fizzbot

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I am probably a normal derm applicant and attend a state medical school lets say in the Northeast. I am interested in matching all over the country. Right now I will have one away in the northeast (1st one, big school, hoping to get one more letter here), one in Texas (at a good program, but no need for letter from them, more just want to check it out to possibly match), and one in California (at a dream program during one of my vacay months, I get no credit for this).

I am worried that perhaps I am doing too many aways "away" from the NE to speak, I know my best shot of matching is here. So I am thinking of changing my Texas rotation to another NE program. Let me break down my pro's/con's here:

1) Do the Texas away-
pro- good away opportunity, big program, would love an interview there
con- looks like I'm not committed to NE programs

2) Find another NE away for my second away
pro- solidifies my status as a regional based applicant
con- miss the opportunity to check out a cool new program kinda far away and maybe secure an interview there


The politics and mind games of this whole match process are mind boggling, will I alienate my local region by going away? Should I just be happy and solidify my status as someone interested in the NE? Questions... questions... questions...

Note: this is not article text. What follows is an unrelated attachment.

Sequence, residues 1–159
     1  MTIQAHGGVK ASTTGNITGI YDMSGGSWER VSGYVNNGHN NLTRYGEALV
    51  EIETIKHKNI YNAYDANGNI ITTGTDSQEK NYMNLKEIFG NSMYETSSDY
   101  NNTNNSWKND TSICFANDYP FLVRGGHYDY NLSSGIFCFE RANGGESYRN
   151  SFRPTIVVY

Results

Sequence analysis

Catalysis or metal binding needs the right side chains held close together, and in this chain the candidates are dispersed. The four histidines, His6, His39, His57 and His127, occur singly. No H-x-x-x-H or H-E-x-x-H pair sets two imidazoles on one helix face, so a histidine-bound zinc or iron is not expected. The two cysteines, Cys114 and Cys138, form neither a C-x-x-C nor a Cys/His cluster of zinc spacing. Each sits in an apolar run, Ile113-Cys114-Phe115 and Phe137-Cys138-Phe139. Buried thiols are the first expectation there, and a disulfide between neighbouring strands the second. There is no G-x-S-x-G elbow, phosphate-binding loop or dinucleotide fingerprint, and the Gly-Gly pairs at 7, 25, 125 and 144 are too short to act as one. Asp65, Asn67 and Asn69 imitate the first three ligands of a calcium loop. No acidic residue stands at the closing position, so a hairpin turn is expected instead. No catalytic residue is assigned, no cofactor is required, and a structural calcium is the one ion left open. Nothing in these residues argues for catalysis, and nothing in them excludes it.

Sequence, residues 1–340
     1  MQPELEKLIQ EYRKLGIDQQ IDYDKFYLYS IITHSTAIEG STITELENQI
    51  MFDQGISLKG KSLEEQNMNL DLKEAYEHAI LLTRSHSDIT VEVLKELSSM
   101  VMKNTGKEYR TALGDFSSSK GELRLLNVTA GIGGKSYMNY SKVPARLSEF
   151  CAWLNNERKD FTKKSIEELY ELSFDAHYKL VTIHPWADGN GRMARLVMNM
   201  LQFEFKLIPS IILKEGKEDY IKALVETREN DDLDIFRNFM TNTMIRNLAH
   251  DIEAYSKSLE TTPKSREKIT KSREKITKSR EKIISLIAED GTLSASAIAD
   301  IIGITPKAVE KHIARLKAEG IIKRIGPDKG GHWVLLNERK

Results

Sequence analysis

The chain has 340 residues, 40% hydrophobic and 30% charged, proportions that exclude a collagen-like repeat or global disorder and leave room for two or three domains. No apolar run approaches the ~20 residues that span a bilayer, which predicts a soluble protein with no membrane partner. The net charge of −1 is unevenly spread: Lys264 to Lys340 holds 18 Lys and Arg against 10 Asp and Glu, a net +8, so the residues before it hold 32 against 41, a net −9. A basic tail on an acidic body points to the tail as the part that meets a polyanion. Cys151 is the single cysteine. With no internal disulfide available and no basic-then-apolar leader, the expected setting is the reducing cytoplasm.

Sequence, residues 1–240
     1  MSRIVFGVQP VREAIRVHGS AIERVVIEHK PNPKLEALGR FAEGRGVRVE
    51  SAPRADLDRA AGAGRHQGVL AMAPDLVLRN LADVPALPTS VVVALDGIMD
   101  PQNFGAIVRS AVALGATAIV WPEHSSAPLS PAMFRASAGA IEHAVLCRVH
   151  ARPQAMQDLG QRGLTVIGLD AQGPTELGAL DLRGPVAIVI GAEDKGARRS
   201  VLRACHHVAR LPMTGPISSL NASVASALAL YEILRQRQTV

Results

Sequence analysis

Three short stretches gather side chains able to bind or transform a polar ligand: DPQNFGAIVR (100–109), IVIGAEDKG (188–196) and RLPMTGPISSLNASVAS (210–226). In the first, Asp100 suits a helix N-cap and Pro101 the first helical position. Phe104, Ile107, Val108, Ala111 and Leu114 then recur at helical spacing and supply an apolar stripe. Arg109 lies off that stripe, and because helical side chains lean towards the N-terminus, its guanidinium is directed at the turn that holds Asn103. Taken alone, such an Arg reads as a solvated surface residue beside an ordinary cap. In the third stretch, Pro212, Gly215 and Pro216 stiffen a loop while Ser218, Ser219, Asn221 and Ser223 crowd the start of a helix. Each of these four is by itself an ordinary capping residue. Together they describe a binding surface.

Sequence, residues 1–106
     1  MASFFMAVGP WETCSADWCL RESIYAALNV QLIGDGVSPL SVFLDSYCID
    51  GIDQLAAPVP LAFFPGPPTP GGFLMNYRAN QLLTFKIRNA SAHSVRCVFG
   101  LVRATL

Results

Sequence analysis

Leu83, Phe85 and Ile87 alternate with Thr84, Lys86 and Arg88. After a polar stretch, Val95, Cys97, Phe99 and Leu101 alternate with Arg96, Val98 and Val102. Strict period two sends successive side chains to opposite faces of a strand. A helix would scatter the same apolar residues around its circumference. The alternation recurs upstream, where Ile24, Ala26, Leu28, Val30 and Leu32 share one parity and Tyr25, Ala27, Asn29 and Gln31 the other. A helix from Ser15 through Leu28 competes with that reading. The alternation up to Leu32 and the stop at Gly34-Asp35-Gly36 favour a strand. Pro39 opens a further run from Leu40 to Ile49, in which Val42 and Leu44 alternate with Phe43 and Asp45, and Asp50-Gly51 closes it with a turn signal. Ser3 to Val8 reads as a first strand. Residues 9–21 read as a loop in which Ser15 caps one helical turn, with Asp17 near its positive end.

Tamahawk

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Dec 14, 2009
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I don't think there is much benefit to doing a lot of rotations in the region where your medical school is located. The programs from the NE will already assume that a NE applicant has no problems with staying in the NE. It won't score you any extra points by doing a large #of rotations in this region.

In contrast, doing an away rotation in another region (even if it is "off the record" / not listed on your transcript) helps show midwest programs that you are interested in their program and their region. Many MW programs seriously want to know that you would be interested in living in that region.

West Coast programs have their pick of applicants (everyone loves the west coast), so it doesn't help as much here.

I was in a similar situation in med school and did an away in the midwest. During interview season (and even on my application) I felt that it was very helpful to be able to say that I had spent some time in the midwest and would love to train in that region.
 

starbuckscoffee

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Jan 29, 2010
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I agree with Tamahawk.

Most people will get a majority of interviews in the region of their medical school. For some reason everyone seems to assume you want to do residency in the region of your med school, even if you grew up on the opposite end of the country. Maybe this is because it can be difficult to tell where an applicant's family is based on ERAS (you list birthplace, but who knows what signficance that has), and even if you mention your hometown in your personal statement, they may not read this carefully.

If you are interested in going somewhere distant from your medical school (esp the South or the Midwest), it's a great idea to do an away rotation in this location.